Now that everyone in this house works for Shoprite (Mick is finishing his last delivery driver training today) the days of the week and their traditional functions are moot. We have no weekends because none of us gets two days off in a row, nor are those off days guaranteed to be on Saturday and Sunday. Well, one of mine is. I do NOT work Sundays. Sebastian’s days off rotate because his department is so small it’s tough to keep to a regular schedule that serves everybody, so they doe-see-doe around to accommodate doctor’s appointments, class schedules, and Life in general. Mick is now a wild card also. Technically he was hired to work the 4-9 shift but the drivers cover things in a needs-be patchwork too.
The family dinner is a thing of the past.
Oddly, I mind this more than I thought I would. Since moving into this house we’ve ALWAYS had dinner in the dining room. No distractions. No electronics. That ritual of food, talk, and togetherness was lovely. (BTW, we’re not fancy, my kitchen is just too small to have a table.) Even at the old house family dinner was expected. How many were eating was always up for grabs, but the table was set and the cooking done to include any and all. This atheist finds the communal breaking of bread and sharing of our days almost a holy thing. A touchstone and an anchor in an increasingly fractured and divided world, our family dinners provided continuity and cohesion. Shared jokes. Shared values and expectations. Heck, even how to set a table and eat with manners was a constant. Always administered gently, my dinner table has never been a rigid place with the day’s crimes reported and the lessons slapped on with a stiff trowel. I’ve taught my sons that manners weren’t a scorecard, they are a kindness. The ‘correct’ fork isn’t important, being an appreciative eater and an interesting helpful guest is.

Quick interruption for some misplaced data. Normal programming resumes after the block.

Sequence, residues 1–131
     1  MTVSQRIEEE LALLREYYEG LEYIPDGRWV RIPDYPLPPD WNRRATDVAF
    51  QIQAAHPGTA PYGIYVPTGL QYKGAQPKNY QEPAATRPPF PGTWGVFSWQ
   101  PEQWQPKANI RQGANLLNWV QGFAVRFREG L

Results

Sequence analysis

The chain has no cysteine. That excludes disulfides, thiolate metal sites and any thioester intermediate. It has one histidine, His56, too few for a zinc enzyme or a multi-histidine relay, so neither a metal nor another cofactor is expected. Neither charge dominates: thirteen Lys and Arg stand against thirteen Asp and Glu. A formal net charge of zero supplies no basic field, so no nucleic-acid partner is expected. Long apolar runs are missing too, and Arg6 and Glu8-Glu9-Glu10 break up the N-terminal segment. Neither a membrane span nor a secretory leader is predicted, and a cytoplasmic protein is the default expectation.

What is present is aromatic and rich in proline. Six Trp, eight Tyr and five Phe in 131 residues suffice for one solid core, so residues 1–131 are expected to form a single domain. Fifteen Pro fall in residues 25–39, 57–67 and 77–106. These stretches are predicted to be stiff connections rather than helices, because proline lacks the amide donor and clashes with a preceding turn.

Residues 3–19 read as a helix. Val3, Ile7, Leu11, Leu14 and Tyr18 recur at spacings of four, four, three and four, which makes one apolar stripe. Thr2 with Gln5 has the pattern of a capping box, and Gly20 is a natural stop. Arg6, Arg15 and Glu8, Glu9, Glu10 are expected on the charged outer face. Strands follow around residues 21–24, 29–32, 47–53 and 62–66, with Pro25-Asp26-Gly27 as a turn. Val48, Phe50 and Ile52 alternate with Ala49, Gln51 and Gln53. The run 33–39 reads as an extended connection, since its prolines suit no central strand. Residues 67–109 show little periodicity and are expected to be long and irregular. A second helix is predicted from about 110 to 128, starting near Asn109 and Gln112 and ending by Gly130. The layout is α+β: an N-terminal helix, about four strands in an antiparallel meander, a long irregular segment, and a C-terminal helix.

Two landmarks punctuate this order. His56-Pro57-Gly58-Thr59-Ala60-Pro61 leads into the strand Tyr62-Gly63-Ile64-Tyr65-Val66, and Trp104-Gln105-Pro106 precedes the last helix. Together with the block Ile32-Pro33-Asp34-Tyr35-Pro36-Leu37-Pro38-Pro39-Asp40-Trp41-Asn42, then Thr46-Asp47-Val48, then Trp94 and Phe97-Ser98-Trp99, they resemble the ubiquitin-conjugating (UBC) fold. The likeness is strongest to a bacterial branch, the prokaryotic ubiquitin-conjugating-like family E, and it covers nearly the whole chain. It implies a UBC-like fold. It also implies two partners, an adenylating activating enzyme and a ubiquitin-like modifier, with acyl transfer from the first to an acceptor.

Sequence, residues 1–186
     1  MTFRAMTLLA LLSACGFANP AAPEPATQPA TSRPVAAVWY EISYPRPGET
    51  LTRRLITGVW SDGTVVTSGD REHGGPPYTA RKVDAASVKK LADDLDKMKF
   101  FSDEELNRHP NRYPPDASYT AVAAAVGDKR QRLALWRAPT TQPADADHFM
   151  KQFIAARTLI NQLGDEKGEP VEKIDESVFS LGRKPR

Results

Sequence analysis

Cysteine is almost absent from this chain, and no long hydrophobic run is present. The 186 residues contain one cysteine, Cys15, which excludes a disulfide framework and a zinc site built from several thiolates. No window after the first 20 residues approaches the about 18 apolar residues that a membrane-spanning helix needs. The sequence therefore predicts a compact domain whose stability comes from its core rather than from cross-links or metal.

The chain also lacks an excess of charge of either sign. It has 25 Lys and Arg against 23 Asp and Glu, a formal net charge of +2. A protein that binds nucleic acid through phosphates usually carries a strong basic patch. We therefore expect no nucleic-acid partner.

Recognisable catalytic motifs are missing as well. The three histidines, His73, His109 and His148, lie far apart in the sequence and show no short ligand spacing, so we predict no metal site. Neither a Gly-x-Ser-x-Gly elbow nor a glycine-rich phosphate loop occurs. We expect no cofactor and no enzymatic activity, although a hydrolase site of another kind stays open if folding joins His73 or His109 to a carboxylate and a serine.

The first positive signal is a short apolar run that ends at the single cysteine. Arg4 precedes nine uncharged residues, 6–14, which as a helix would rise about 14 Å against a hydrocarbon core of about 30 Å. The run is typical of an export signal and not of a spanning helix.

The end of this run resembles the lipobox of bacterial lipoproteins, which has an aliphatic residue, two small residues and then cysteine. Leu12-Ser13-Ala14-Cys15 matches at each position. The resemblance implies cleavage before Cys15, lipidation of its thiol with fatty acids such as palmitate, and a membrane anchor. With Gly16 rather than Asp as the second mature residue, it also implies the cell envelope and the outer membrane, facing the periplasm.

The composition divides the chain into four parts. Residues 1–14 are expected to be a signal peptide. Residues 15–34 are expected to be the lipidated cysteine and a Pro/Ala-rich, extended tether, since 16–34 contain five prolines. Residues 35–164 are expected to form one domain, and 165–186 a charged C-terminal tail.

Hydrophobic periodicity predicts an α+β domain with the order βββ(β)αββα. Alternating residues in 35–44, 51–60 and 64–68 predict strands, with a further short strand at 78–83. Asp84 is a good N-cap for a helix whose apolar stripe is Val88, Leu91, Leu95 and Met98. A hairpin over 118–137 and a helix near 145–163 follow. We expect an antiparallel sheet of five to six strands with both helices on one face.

And now thanks to the capriciousness of the retail schedule the family dinner here at Casa Sage is history.
And doesn’t that suck?